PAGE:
Disease Is Not Your Destiny
Monday, January 06, 2014

Dr. Riedel

One of the most difficult things about practicing medicine is convincing my patients that they have the power to overcome their family’s past medical history. I’m sure that many of you -- upon being diagnosed with diabetes, high cholesterol, or high blood pressure -- have uttered the words, “Well, it runs in my family, so I guess there’s nothing I can do about it.” This is the furthest thing from the truth!

I want my patients, and everyone reading this article, to understand this fact: you are not at the mercy of your predecessors’ choices. Disease is not your destiny. You have the power to prevent or reverse many of these so-called “lifestyle illnesses.” All it takes is commitment to change.

Change does not have to come in leaps and bounds; it can – and should – come in baby steps.

Commit to changing your diet:

The first step should be eliminating sweetened beverages from your diet: sports drinks, lemonade, ‘sweet tea,’ soda and any other beverage containing (or to which you add) sweetener.

Next, change your eating habits, one meal at a time. Have plain oatmeal or unsweetened shredded wheat for breakfast. Add as much fresh fruit, unsweetened raisins, and cinnamon as you like. Replace cow’s milk with an unsweetened milk substitute (soy, rice, or almond milk).

Once you’ve made these steps, work to change your dinner plans. Include fresh vegetables, grains, and lean protein sources. Consider going meatless a few nights a week to lower your grocery bills, as well as your cholesterol. Make enough to pack up for lunch the following day. Check out the Moosewood cookbook series or www.pcrm.org for some inspiration.

For lunch, if leftovers are not available, combine steamed sliced carrots, broccoli and greens; a grain, such as brown rice, quinoa or millet; and a lean protein source like beans, or baked or broiled chicken or fish. Season with black pepper, lemon juice, or vinegar of your choosing.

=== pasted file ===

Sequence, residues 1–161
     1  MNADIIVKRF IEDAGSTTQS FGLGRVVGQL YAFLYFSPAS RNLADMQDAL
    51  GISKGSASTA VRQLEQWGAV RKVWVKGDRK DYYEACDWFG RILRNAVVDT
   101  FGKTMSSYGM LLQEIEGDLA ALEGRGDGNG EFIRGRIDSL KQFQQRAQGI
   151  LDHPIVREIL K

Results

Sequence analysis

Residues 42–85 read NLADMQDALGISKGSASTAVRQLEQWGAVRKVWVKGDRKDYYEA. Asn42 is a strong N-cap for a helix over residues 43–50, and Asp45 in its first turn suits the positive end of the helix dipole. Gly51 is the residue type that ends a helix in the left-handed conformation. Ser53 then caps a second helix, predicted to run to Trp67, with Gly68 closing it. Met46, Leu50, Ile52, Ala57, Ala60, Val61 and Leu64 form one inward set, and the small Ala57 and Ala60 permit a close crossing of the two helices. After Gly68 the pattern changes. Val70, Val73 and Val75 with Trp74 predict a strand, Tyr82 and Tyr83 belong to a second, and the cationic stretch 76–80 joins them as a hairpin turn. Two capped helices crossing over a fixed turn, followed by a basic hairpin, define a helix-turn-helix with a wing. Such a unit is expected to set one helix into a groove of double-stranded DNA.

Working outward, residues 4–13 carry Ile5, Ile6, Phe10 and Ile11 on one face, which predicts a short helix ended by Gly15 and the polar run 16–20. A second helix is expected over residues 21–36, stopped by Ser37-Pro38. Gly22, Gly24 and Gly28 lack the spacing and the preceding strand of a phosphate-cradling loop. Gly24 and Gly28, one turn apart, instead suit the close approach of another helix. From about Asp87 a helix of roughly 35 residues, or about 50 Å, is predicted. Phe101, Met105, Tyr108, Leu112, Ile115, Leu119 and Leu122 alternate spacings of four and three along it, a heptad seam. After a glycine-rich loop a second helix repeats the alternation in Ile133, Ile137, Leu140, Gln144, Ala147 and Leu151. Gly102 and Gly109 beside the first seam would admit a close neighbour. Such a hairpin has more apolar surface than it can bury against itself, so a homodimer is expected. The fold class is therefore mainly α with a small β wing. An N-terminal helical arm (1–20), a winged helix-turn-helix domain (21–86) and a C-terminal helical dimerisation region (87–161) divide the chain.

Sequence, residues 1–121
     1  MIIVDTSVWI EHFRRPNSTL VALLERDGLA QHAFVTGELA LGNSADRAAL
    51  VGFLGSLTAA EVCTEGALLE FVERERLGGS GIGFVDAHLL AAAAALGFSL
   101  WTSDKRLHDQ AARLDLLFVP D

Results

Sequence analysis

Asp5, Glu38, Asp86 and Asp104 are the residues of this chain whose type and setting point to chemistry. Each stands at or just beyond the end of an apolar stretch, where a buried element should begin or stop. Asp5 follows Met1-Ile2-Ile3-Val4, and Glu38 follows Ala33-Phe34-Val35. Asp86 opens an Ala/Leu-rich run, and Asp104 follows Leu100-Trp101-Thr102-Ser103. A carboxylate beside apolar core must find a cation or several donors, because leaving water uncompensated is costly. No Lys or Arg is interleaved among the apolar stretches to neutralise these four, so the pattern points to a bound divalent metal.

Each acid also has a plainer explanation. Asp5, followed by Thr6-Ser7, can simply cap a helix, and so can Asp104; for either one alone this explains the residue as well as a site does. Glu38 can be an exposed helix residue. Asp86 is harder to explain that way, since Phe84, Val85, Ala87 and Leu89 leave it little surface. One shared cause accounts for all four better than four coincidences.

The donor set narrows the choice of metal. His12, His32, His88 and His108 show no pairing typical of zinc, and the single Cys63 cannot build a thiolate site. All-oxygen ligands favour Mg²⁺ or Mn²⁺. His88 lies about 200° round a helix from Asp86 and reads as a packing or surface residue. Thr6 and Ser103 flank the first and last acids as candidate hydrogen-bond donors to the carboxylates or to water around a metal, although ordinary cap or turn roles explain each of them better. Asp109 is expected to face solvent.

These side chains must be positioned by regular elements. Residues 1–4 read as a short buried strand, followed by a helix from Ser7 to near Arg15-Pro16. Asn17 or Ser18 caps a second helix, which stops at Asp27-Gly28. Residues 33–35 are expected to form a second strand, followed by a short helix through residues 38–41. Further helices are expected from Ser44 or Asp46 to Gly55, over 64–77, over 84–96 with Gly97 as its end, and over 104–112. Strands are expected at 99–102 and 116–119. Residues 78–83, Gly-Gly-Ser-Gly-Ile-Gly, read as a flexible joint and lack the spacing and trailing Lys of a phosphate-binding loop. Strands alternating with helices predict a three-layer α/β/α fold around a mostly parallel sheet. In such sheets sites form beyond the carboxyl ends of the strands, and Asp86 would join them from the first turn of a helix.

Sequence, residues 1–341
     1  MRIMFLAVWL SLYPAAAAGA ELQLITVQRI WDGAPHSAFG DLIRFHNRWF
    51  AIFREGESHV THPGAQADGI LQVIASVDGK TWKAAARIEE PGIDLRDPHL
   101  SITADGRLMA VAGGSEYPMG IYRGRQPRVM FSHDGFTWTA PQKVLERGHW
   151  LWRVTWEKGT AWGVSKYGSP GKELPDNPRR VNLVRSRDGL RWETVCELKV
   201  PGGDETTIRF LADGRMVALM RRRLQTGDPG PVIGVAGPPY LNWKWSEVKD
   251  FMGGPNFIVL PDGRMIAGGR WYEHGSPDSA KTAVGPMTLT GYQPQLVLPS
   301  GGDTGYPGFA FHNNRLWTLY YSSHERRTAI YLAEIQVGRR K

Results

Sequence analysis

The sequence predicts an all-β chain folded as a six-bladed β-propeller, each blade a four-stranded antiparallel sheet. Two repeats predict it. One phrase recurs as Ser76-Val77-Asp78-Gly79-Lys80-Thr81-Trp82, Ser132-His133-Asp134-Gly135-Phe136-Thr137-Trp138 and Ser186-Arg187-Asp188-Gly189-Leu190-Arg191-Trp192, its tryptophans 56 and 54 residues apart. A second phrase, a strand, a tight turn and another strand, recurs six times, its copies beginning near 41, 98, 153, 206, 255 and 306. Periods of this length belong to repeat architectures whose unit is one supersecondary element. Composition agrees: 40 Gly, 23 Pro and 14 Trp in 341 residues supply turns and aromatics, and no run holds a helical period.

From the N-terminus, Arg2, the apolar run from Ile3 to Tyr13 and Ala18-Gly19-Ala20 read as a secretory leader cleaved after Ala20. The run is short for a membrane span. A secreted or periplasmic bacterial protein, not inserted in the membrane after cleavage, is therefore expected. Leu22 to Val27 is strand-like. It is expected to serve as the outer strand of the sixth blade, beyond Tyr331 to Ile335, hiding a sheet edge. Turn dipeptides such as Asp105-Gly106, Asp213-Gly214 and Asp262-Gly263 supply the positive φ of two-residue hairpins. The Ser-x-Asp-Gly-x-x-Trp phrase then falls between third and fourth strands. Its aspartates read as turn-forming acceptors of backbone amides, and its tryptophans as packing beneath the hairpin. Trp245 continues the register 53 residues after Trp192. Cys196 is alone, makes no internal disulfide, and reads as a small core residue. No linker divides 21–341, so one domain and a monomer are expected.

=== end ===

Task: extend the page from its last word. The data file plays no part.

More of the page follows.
Drink water throughout the day; I find it’s easiest to keep a bottle on my desk at all times as a reminder to stay hydrated. You should snack on fresh fruit between meals – I usually have an apple in the morning and an orange on my way home from work.

Commit to changing your lifestyle:

Make physical activity a priority. Regular exercise will improve your mood and your blood pressure, as well as prevent weight gain. Physical activity is so important to my family that we venture out year-round, in all types of weather. I’m writing this article on a gloomy, drizzly, forty-degree day. This morning, my infant son, the dog and I took a two-mile walk.  My husband runs three miles every morning with the dog – in the rain, snow, and often before sunrise. You just have to put on your boots and coat and do it.

Most people will tell me that eating healthy is too expensive and, besides that, there isn’t time. Stop eating at restaurants and on the go and the money will be there. Closely examine your family’s extracurricular time – will you really suffer if you miss an episode of “Homeland”? Do the kids really need to participate in three soccer leagues? Spend more time at home as a family. Cook together, read together, do homework together, be active together. Everything else is just fluff.

I wish all of you a healthy, happy New Year.

Dr. Jacqueline Riedel is a Family Medicine physician and a member of the Kennedy Health Alliance. She practices in West Deptford, NJ, and can be reached by calling 856/384-0210.